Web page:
Thursday, February 7, 2013

Review: (Ottawa) Ladies of the Lake (undercurrents)

Too Many Concepts, Too Little Time
Ladies of the Lake drowns under its own weight
Valerie Cardinal
Ladies of the Lake is a re-imagining of an Arthurian legend, developed by Skeleton Key Theatre during their time as GCTC’s company-in-residence from 2011 to 2012. Vivienne, a girl lost in her nightmares, inexplicably finds herself on the edge of a lake, between the odd man who saves her from drowning and the woman trapped on the bottom of the lake. 
I’m usually a sucker for adaptations of legends and fairytales, but in this case, I liked the idea more than the execution. Most of this comes down to the incorporation of movement. Between short bouts of dialogue, the actors perform modern dance-style interludes that weren’t really my cup of tea. Although the concept was interesting, I found that these were the points where the energy seemed to drop and the momentum of the story was interrupted. 

The addition of original music was more successful, hitting the right notes of creepy and atmospheric. However, it was a little too loud and buried some of the dialogue, especially when the quiet John Doucet was speaking. Dilys Ayafor has some great moments of power in her performance as Nimue, the Lady of the Lake herself. Kate Smith was very committed in her performance as Vivienne.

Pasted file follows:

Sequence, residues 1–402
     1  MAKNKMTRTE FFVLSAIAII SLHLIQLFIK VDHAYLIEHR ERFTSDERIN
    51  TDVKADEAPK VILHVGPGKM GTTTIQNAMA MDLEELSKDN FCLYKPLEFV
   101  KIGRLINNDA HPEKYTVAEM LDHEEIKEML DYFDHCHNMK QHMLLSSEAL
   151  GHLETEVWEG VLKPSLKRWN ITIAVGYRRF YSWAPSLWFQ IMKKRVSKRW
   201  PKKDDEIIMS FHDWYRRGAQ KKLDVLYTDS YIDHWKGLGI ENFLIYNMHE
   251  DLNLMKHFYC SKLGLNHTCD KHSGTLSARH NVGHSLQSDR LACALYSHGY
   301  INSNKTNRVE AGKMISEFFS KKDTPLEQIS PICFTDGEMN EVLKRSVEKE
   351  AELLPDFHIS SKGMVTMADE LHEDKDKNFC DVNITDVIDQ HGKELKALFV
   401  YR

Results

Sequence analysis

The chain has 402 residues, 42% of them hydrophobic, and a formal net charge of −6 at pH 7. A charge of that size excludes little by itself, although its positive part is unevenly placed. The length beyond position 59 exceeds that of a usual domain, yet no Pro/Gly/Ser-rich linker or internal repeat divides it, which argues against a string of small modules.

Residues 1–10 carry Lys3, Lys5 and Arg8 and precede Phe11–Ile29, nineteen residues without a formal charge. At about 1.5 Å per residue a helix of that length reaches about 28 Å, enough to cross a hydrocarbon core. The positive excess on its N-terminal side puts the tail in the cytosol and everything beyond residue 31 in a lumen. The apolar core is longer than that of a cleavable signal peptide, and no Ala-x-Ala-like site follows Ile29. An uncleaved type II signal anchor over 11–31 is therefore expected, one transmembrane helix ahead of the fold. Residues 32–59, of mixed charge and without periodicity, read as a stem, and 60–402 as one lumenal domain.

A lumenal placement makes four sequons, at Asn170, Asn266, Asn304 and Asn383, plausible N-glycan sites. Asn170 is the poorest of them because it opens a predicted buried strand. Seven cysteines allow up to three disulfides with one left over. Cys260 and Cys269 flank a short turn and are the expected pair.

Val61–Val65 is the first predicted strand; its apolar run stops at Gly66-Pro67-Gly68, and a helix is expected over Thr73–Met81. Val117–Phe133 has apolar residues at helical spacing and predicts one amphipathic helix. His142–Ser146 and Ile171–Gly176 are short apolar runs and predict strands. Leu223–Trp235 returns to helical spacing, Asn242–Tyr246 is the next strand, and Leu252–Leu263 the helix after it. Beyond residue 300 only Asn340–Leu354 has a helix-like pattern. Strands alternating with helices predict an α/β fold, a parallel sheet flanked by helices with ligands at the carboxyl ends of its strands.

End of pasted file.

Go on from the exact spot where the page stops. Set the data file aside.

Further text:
This is a good-looking production; the costumes are gorgeous and Guillaume Houët’s lighting design is fantastic. The minimalistic set also makes good use of the small performance space.
With movement, dialogue and music, Skeleton Key Theatre tries to pack a lot into just 45 minutes. Therefore, the story feels rushed and the characters underdeveloped. The more I think about it, the more questions I have about the script. I would have enjoyed more focus on the lighter, dialogue-driven bits, which would have cleared up some of the plot. As it is, the final battle plays out a little like a custody battle in a bad divorce; I hate to admit it, but I giggled a bit. 
Ladies of the Lake had some good moments, but lacked a clear message and the power and intensity it needed to be truly effective. 

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